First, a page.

- Référence externe : https://fortelabs.co/blog/progressive-summarization-ii-examples-and-metaphors/
- Référence externe : https://fortelabs.co/blog/progressive-summarization-a-practical-technique-for-designing-discoverable-notes/
What is difficult is not transferring content from place to place, but transferring it through time
this point, people take different paths. Some give up, labeling all “self-help” books a waste of time. Others decide it’s just a problem of remembering everything they read, and invest in fancy memorization techniques. And many people become “infovores,” force-feeding themselves endless books, articles, and courses, in the hope that something will stick
what you read is good and useful and very important, you’re just reading it at the wrong time
You’re reading about time management techniques now, but they will only be useful two years from now, when you become a manager and have much greater demands on your time.
This is the job of a “second brain” — an external, integrated digital repository for the things you learn and the resources from which they come. It is a storage and retrieval system, packaging bits of knowledge into discrete packets that can be forwarded to various points in time to be reviewed, utilized, or deleted.
discrete notes, sorted into 4 categories according to actionability, and resurfaced using RandomNote.
Tagging-first approaches argue that there should be no explicit hierarchy of notes, notebooks, and stacks. Notes are envisioned as an ever-changing, virtual matrix of interconnected, free-floating ideas. Because many tags can be applied to one note, there are multiple pathways to discover any given note. Locating notes in specific notebooks and folders is seen as limiting and static
notebook-first. This basically translates how we organize things in the physical world — in a series of discrete containers — into the digital world
notebooks and folders actually suppress the serendipity and randomness that is at the heart of a creative lifestyle.
note-first approach, your notes become like individual atoms — each with its own unique properties, but ready to be assembled into elements, molecules, and compounds that are far more powerful.
balance priorities. You want one thing, but it has to be balanced against something else that you also want.
You want a vehicle to protect its occupants, but you can’t just add layers and layers of titanium armor plating. You have to balance safety against weight and cost
In the case of notes, I believe the two priorities we are trying to balance are discoverability and understanding
cannot summarize an article without discarding most of its points
making decisions about what to keep, you are inevitably making decisions about what to throw away
There’s a natural tension between the two, compression and context.
communicate anything, you have to compress it, like communicating a huge amount of life experience in a wise saying. But in doing so, you lose a lot of the context that made that wisdom valuable in the first place
Jira. It has lots of context, making it highly understandable. But it’s not discoverable at all. It would probably take me a couple hours and tremendous mental effort to read through this note and remember enough context to decide whether or not it’s useful. The main points and key insights are hidden somewhere in the noise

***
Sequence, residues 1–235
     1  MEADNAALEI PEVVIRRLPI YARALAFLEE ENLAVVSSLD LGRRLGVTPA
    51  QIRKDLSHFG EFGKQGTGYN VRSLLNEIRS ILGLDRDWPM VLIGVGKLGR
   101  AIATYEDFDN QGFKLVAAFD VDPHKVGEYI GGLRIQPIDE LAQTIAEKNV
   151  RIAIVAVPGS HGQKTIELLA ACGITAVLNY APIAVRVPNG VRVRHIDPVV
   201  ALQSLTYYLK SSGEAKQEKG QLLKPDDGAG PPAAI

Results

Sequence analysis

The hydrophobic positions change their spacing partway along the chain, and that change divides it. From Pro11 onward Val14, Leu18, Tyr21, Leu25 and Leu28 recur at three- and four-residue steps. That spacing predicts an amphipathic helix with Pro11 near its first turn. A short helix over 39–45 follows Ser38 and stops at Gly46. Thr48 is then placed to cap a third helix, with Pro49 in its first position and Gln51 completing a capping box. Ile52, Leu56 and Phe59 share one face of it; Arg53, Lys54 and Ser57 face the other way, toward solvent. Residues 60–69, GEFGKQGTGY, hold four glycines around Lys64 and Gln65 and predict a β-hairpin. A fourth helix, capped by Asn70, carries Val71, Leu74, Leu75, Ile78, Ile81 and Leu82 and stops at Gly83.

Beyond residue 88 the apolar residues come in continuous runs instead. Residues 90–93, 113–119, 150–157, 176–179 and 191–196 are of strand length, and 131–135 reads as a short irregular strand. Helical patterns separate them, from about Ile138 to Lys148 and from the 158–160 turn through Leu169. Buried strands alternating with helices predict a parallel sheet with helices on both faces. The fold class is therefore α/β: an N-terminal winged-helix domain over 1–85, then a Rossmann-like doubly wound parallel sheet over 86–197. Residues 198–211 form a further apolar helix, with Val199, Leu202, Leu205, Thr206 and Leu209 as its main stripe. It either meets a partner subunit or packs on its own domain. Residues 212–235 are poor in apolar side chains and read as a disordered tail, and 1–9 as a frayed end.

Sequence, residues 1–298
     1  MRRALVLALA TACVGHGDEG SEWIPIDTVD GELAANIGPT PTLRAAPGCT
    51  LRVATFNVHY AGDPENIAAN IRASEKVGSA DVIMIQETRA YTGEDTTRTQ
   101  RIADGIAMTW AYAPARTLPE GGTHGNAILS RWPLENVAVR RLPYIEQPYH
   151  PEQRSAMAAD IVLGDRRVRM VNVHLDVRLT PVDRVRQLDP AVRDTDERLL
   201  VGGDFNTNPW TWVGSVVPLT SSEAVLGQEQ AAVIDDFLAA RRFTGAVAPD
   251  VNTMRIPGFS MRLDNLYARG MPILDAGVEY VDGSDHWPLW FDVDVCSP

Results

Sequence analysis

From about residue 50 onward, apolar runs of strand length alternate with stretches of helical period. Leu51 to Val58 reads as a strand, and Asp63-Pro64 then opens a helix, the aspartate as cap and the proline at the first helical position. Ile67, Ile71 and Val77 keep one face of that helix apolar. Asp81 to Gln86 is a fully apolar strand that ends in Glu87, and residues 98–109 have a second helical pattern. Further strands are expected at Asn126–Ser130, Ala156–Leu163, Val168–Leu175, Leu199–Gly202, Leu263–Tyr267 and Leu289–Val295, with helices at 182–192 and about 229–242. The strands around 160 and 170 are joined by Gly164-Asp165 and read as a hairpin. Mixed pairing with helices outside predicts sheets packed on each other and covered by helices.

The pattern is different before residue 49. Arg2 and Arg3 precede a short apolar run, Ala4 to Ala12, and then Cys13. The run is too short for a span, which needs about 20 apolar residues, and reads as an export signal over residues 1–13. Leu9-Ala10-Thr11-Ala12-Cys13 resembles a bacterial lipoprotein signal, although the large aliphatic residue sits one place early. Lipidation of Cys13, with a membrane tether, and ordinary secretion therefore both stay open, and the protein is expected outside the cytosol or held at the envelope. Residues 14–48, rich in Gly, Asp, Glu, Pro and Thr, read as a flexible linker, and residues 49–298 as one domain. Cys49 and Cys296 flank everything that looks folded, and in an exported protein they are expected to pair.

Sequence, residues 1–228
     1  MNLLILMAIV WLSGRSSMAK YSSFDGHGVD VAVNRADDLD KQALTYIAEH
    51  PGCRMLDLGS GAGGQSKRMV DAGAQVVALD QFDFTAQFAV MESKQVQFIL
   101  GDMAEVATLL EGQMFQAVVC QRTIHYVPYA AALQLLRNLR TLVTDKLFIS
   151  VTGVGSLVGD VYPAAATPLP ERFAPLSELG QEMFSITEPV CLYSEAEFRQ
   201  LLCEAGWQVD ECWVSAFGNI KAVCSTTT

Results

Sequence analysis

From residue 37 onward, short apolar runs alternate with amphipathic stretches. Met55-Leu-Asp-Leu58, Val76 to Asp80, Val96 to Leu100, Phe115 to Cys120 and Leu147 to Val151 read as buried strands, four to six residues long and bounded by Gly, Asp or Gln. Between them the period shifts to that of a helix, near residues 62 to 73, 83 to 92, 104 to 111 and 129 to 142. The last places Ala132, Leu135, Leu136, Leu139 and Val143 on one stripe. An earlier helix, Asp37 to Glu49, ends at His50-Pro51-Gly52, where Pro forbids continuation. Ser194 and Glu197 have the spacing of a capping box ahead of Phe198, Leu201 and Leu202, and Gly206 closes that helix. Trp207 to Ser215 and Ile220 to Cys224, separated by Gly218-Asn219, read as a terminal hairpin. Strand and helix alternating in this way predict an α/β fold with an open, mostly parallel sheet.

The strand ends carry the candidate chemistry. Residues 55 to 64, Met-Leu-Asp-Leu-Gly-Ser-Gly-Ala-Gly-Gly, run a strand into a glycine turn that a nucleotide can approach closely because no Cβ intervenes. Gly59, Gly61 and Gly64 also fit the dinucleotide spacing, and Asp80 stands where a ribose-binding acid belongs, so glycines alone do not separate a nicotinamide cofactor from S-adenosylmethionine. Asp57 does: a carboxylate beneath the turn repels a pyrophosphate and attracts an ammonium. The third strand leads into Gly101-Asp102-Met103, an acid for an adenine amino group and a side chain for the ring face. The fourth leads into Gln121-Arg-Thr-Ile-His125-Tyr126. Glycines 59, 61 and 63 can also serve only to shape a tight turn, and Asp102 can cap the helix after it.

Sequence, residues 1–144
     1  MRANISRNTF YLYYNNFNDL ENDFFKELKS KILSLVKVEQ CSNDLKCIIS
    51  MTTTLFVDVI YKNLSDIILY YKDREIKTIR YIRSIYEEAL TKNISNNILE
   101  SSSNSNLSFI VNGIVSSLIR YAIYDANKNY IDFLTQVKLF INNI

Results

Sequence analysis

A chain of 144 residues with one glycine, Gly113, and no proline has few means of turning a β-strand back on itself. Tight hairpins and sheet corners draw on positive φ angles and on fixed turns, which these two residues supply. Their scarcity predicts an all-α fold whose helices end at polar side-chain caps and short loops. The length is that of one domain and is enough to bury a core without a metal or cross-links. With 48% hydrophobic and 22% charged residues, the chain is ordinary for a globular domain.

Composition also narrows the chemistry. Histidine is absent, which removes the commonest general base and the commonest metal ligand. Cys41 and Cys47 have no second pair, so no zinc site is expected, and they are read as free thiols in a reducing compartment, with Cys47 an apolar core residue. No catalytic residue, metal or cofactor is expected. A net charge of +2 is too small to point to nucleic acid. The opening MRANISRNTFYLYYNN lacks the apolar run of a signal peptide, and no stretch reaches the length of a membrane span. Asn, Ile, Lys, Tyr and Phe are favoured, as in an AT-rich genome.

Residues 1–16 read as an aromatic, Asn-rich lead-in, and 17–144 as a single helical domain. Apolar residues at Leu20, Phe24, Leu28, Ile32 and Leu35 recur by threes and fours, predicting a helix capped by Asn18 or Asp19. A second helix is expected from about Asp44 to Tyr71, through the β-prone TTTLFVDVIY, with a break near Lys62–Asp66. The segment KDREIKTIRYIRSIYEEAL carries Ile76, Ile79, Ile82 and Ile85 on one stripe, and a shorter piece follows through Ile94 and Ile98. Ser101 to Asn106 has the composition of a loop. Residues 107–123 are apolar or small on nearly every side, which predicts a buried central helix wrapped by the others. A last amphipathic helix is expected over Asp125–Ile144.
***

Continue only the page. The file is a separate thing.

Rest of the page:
Future You will likely be looking for a solution to a problem, not casual reading, they will be making snap decisions on a tight timeline.
How do I make what I’m consuming right now easily discoverable for my future self?”
Progressive Summarization works in “layers” of summarization. Layer 0 is the original, full-length source text.
Layer 1 is the content that I initially bring into my note-taking program
Layer 2 is the first round of true summarization, in which I bold only the best parts of the passages I’ve imported.
Layer 3, I switch to highlighting, so I can make out the smaller number of highlighted passages among all the bolded ones.
Layer 4, I’m still summarizing, but going beyond highlighting the words of others, to recording my own
restating the key points in my own words.
With Progressive Summarization, we are summarizing our notes, and then summarizing that summary, then summarizing that summary, distilling the ideas into smaller and smaller layers each time. With these layers exposed, we can do a flyby in the “airplane of discoverability,” quickly scanning the peaks, to decide if this mountain has anything to do with what we’re looking for. <img class=“progressiveMedia-image js-progressiveMedia-image aligncenter” src="" data-src="" data-recalc-dims=“1”/> But we’ve also preserved all the layers in context, so if we see a peak that looks promising, we can dive right in with our “parachute of understanding,” drilling down as deep as we need to:
Not only is it okay if I don’t remember the vast majority of what I read, that actually becomes my goal. I
I want my mind to be an empty vessel, a staging ground where ideas briefly stop in their journey from the outside world, to my second brain.
to be fully present, and to also reach my intellectual potential
You have to be comfortable not only letting things fall through the cracks, but placing the cracks strategically so notes that don’t end up being useful automatically recede from your attention
You pull time-consuming, but risk-free activities (reading, highlighting, summarizing) as early in time as possible, and push quick but risky activities (execution, decision making, delivery) as far into the future as possible. This way, you have all the ammunition you need ready and waiting at a moment’s notice, while waiting until the eve of battle to decide which target to attack.
Notes pointant ici
- evidence-based strategies to better remember what you learn
- garder des citations pour pallier l’évolution des pages web
- heuristique pour décider si j’ai bien digéré un sujet